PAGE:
centerpieces for winter containers (1)There are 4 of the LED bulbs  barely visible in this picture. The wires will be just about invisible once the garland is hung.

centerpieces for winter containers (12)We are as ready as we can be for today’s work.

 

Comments

  1. Your work is so inspiring, Deborah. Seeing some of those hardworking hands it’s clear it’s also labor-intensive.

    Can’t wait until morning to go outdoors to plan at least one winter pot from what’s in our landscape. Wish I were near DGW to add from among your materials. Loved the white pine cones – what can you tell us – are they natural?

    Hope you can find time to enjoy the season.

  2. Pippa Honess says:

    I do so admire all your wonderful containers. I’ve never seen anything like it here where we live in the south of England, I just wish your store was a bit nearer!

    • Deborah Silver says:

      Dear Pippa, sinamay is a simple material, but it can transform the look of any container arrangement. best, Deborah

  3. HI DEBORAH,
    Love all you tricks!
    How do you mean soak the winterberries? do you spray them or submerge them in a bucket of antideccecant?
    Preserved eucalyptus does not bleed? really??? I was afraid to use them outdoors as I thought the dies would run (mistake I made with autumn oak leaves in a window basket – yikes)

    • Deborah Silver says:

      Dear Sophath, This is my experience with materials. I spray winter berries long enough to soak them with an antidessicant. I cannot speak for eucalyptus which comes from other places, but ours does not run or bleed. You can always test your material beforehand by soaking a sprig of it in water overnight. all the best, Deborah

  4. I so enjoy receiving your emails. Have you sent out any pictures of the store’s outdoor decor?
    I love seeing them! Thank you.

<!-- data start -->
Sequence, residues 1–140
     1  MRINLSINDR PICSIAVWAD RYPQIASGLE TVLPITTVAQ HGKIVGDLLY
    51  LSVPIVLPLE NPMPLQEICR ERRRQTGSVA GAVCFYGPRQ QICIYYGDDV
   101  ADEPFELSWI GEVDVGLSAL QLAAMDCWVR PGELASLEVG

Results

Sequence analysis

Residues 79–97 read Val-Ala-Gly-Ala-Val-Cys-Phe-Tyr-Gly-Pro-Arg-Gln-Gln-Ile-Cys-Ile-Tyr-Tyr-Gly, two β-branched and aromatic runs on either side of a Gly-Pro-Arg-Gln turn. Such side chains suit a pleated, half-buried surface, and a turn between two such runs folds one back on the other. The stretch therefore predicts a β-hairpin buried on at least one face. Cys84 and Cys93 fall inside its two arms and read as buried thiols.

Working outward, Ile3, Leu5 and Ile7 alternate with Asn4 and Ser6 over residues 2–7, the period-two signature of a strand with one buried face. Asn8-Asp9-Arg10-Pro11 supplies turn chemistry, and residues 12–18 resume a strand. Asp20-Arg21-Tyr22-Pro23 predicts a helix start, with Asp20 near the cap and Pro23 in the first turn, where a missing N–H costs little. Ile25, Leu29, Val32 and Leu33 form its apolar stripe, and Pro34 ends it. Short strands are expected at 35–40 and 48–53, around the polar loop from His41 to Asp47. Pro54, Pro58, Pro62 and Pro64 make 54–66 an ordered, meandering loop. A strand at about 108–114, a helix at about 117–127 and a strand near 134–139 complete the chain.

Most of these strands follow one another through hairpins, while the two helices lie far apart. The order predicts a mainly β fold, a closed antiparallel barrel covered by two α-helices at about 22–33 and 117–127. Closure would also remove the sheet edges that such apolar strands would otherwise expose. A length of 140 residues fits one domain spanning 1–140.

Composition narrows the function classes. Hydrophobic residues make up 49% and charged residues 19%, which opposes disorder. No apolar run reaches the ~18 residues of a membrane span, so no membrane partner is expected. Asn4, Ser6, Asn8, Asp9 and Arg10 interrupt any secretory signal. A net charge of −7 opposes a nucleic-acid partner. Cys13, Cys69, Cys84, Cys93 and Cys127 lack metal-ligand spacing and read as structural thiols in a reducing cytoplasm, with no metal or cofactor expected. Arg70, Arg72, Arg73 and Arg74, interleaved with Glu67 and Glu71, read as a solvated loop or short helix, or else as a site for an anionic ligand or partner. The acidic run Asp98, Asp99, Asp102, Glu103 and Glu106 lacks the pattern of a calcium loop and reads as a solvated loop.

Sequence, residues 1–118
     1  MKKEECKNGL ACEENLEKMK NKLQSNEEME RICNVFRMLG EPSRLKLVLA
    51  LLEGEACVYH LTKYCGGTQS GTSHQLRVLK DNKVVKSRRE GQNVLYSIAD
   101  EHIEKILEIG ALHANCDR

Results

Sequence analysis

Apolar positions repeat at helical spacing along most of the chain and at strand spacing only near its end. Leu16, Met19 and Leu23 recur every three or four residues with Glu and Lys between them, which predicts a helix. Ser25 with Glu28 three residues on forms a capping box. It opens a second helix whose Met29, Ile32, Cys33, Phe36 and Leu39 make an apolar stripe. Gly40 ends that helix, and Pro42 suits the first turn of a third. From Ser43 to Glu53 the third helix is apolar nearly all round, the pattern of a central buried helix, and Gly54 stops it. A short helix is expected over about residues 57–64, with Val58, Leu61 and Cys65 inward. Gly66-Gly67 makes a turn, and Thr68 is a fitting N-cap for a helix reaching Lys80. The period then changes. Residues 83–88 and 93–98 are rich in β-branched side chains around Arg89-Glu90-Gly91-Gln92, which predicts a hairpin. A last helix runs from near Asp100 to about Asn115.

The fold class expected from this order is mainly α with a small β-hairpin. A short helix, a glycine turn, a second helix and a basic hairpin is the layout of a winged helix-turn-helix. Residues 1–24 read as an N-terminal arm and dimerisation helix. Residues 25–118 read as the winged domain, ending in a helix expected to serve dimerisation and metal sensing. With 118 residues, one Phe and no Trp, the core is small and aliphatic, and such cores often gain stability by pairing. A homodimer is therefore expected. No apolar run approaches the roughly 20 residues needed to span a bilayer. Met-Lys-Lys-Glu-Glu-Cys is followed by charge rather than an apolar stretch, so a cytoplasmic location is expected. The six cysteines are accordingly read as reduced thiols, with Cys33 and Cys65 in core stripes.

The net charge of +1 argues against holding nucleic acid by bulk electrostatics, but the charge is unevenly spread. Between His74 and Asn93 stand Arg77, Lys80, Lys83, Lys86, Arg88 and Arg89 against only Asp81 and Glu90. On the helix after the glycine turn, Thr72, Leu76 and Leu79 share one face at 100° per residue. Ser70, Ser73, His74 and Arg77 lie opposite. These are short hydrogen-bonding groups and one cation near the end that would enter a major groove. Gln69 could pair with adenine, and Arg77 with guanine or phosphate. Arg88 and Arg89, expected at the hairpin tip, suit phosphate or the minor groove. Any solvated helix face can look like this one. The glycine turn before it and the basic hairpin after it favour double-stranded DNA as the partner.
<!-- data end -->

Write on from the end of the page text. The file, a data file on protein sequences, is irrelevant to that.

• Deborah Silver says:

      Dear Christine, I have not done the outside of the shop yet-we have been so busy! When I get to it, I will post pictures. best regards, Deborah

  5. Amazed at each of your gorgeous and informative posts! Thank you so much for sharing them with us! Love, love the centerpieces! The shear size of these centerpieces and pots certainly helps me to consider the scale of my projects. Our Saskatchewan winters are long and cold – time to upgrade the winter visual landscape!

    • Deborah Silver says:

      Dear Carol, I cannot imagine gardening in Saskatchewan-my sincerest respects to you! I would think the winter landscape would be very important to you-yes. all the best, Deborah

  6. I am so inspired by the vision and color and fun you put into your winter pots project every year. My pals who follow your blog and I do our best to create facsimiles of the colors and patterns you put together. But we wonder, where on earth do you get all your inspiration?
    Sheer magic!
    Many thanks for your generous sharing.

    • Deborah Silver says:

      Dear Terry, the idea of magic in the landscape is a topic close to my heart. Mostly nature provides that. But I do try. When you write about how you see things-that is an inspiration to me. Thanks for that. all the best, Deborah

  7. Gorgeous! Thank you for generously sharing your professional knowledge. Would you consider shipping your centerpieces?

  8. Thank you for sharing your working knowledge of decorating with plants. This information isn’t available anywhere else! Your pictures are beautiful.

    • Deborah Silver says:

      Dear Pam, I share my experience, as I enjoy doing that. I also hope it will be of some help to someone else. best, Deborah

  9. Mark Becker says:

    Beautiful as always!
    When you are using picks, are they always waterproof or do you seal them with anything?

    Thank you for all the great posts throughout the season and the generosity you show by sharing them. I hope to visit Detroit Garden Works soon.

    Happy Thanksgiving to you all.
    Mark

  10. Beautiful…and gonna be pretty in the pots and gorgeous on the gables.

    • Deborah Silver says:

      Thank you Greg. I have such a great crew when it comes to the installation. I am hoping all will go well! thanks, Deborah

  11. Paula in Boston says:

    WOW…that’s all I can say…the amount of creativity and labor put into these GORGEOUS containers. Every year at this time I look forward to watching you create these masterpieces. You have a good following here in Boston. We talk about your blog and your work ALL THE TIME !!! You have set the bar very high !!Happy Thanksgiving to you and your crew. May the cold winds and snow stay away until the installs are over

    • Deborah Silver says:

      Dear Paula, thank you for your kind letter! It does look like the weather will be pretty mild for the next few weeks-that helps so much.We are late getting started with this, as the landscape work went so long this year-so some mild weather will be appreciated. best, Deborah

  12. Everything is gorgeous, from your luscious photographs of beautiful greenery and accents to your energetic prose. Just beautiful. Thank you so much for sharing your work with your readers. I am uplifted and inspired!